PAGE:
Took the day off to spend time with my brother's family. We hit up Garden of the Gods, Front Range Barbecue, and the Manitou Cliff Dwellings. Despite the chill, good times were had by all.
Photography purists will tell you that while Photoshop may be handy in slightly tweaking photographs, it is in no way a replacement for good composition and thoughtful photography. I tend to agree, but only to a point. I say, if Photoshop isn't supposed to be a crutch, then why'd they make it work so much like a crutch? Face it, photog elitists. Your glory day in the hot sun is over. If you want to remain relevant, then do something we can't do with a little software knowhow. It is possible to do good photog work still. Just stop griping about how camera raw makes it too easy.
(Sorry. I didn't mean to make this sound so harsh. It's basically my justification for tweaking the crap out of my photos without feeling guilty about it.)
I've been inspired lately to take my photography a little more seriously. Not really in a serious way, but keeping a better eye for composition and working on perfecting my camera settings. Part of learning is experimenting, and that's what these generally are.
I didn't quite make it to my time goal, but I figured artificially bloating the time spent is a pointless practice. It's done when it's done. I'm very happy with the result. Marcia always seems to bring out the best in me.
Acrylics, ink, and watercolor on canvas, 16 in x 12 in.
With my basement nearing completion, I've found time again (by procrastinating on other things) to begin painting once more. I uncovered some old canvases to reuse, so this is the first one. I have three goals for this painting:
1. Take my time. Most of my pieces up to now have been done within two hours. This one I'd like to get to ten hours. I think I could build up a lot better texture if I just stuck with one painting far longer than feels natural. So far I've spent three hours on this one, and fun things are already starting to happen.
2. Get intuitive. I've been obsessed with trying to find the right process in the past; this has led to some very stale work. I doubt I could even keep track of my process with so much work going into this, but hopefully some vitality and freshness will peek out in the end product. I'm also not worrying too much about colors. Whatever feels right is what I'll use. In the past I've been afraid of ending up with every color imaginable in the same painting. But you know what? Van Gogh used a ton of colors too, and yet his paintings have definite color tones. (Yes, I'm comparing myself to him. No, I don't feel bad about it.)
3. Be accurate. If this ends up looking up somewhat like my wife (so far so good), all the better.
The thing about being a graphic designer is that you're at your computer all day. If another designer friend is at their computer all day, you can speak to them via the interwebs. Given enough time, things can get loopy. This story was written by both myself and Gordon (who also took this photo). The idea is that it's what a story would be like if written by someone who 1. can't write well? and 2. has never actually been to New York City. Enjoy.
When he got to New York, the first thing he did was go to that one place all New Yorkers go... you know... on, um, West 57th. He looked awestruck upon the towering edifices of commerce, and then went to Central Park, had an ice cream cone on that one lawn part and watched the sailboats in the pond thingy. He saw some cops working a murder investigation by that castle thing in Central Park. They were using high technology to show people gross things that happen to murder victims in the best city in the world -— New York City!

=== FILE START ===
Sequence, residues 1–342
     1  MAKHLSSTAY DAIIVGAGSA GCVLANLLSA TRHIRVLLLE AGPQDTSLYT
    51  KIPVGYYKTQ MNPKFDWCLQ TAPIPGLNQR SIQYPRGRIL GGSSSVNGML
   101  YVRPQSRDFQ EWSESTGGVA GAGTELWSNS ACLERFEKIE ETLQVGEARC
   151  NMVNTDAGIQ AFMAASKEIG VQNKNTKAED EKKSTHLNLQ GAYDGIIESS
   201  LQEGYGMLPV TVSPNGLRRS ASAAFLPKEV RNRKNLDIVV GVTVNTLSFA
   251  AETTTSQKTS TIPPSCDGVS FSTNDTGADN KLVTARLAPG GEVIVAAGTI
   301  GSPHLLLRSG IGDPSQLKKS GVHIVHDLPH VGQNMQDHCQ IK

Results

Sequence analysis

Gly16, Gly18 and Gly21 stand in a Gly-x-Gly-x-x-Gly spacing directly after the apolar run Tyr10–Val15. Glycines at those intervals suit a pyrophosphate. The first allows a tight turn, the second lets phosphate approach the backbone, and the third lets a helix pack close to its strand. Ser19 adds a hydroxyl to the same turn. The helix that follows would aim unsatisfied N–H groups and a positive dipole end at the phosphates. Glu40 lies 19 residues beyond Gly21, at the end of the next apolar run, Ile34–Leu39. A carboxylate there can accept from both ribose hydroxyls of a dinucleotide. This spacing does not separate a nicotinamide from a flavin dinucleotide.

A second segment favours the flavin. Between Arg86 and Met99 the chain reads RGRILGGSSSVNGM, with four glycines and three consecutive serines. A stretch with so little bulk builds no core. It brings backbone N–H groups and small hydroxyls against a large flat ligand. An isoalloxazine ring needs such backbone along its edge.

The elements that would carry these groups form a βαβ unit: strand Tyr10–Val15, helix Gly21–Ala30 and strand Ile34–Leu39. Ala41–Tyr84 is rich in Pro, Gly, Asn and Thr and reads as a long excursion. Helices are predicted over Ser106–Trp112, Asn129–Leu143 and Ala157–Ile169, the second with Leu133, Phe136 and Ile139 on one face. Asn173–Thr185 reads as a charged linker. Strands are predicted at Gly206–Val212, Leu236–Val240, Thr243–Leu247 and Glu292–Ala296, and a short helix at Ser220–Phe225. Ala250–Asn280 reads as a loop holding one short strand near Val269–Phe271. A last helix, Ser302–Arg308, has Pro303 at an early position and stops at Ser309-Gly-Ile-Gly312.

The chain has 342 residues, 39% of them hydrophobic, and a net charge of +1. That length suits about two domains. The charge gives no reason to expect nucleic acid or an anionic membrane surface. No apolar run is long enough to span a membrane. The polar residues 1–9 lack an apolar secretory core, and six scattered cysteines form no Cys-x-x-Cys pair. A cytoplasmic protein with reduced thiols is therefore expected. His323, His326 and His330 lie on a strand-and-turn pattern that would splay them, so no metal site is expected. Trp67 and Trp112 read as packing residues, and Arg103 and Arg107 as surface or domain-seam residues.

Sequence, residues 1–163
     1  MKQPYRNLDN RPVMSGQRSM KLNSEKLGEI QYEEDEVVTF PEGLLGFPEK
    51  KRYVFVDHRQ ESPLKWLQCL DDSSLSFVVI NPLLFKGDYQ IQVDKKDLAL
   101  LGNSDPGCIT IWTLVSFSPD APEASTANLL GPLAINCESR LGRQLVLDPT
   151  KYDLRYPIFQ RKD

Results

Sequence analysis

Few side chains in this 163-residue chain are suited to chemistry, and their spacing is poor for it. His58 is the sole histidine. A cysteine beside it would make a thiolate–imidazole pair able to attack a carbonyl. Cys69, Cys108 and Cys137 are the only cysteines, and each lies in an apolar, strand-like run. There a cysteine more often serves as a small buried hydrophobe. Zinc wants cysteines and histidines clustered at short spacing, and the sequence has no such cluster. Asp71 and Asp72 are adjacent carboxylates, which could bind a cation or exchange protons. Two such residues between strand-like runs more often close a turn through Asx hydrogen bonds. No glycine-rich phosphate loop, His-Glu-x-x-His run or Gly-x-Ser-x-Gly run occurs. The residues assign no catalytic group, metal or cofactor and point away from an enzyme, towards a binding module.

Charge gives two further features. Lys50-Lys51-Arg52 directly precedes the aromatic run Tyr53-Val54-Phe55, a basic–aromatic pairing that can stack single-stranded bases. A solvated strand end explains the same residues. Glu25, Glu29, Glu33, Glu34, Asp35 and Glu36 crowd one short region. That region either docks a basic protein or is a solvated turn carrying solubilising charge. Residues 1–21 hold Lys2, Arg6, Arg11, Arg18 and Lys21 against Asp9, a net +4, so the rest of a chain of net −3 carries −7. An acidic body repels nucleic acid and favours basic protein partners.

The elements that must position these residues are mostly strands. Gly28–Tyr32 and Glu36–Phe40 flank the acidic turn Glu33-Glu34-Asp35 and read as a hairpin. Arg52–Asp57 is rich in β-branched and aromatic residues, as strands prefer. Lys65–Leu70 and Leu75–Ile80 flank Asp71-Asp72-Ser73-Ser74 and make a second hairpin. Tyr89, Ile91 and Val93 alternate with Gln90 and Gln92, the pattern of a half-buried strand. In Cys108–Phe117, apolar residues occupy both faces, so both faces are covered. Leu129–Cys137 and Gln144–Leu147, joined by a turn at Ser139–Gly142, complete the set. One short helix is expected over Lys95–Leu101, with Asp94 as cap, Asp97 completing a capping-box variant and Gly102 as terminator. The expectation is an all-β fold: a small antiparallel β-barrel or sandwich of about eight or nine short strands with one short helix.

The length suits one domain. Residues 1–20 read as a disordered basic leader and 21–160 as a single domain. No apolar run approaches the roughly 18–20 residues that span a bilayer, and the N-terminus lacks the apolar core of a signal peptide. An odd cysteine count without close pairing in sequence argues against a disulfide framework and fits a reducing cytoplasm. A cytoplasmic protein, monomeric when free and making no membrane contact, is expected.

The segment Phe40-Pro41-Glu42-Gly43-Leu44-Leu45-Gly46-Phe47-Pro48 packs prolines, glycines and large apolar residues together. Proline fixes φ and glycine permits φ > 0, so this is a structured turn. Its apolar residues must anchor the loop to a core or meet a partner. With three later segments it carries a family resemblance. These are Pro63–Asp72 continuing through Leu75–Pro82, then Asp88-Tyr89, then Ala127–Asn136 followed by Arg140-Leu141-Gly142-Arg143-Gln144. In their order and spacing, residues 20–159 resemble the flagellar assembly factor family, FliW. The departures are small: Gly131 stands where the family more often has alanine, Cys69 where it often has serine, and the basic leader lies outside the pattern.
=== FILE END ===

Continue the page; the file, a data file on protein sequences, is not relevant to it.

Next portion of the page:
Then he went to see Letterman, like all New Yorkers do. He stopped at Rudy's Deli for an authentic deli-style sandwich. It was delicious enough for even Regis and Kelly. After the show, he went to Sbarros for some authentic New York Italian pizza and pasta. "Pizza really does taste better in New York," he thought to himself as he walked to his new apartment a couple blocks away from Times Square.
He walked into his apartment and gazed out the wall of windows that looked out over the neighborhood. He felt comforted by the eclectic mix of funky furniture and expensive kitchen tools that graced his 1200 square foot flat. He knew he would have to go to work at the coffee shop soon, but until then he could relax on his modest balcony and watch the world go by with his friends that also did not really work.
After a few minutes, he walked across the hall to his friend's apartment that was not at all in the same style as his own, nor was it anywhere near the same size. They were doing something wacky, the way all neighbors in New York do. He said hello to his neighbor's duck and pet chicken that miraculously survived in a tiny apartment. He and his friend played foosball, and spoke to each other with astounding wit. Moments later their other remarkably attractive friend arrived, and together, they joked. It was a little awkward in the room, seeing as how the remarkably attractive friend (whom everyone knew was actually five to eight years older than she claimed) had slept with both the witty guys playing foosball. Her baby made things difficult as well, when she was actually being a mother, which was about as often as she worked.
After work at the coffee shop he decided to go to a Yankees game. He sat next to this couple who looked really cute together. There was a romantic tension between them but it seemed like neither one wanted to admit it just yet. The Yankees won, because the game wasn't very important. Then he hung out at his favorite bar with some other extremely witty but slightly quirky twenty-something friends.
"What a day it's been," he said. "I totally love New York." And he knew in his heart that it was true.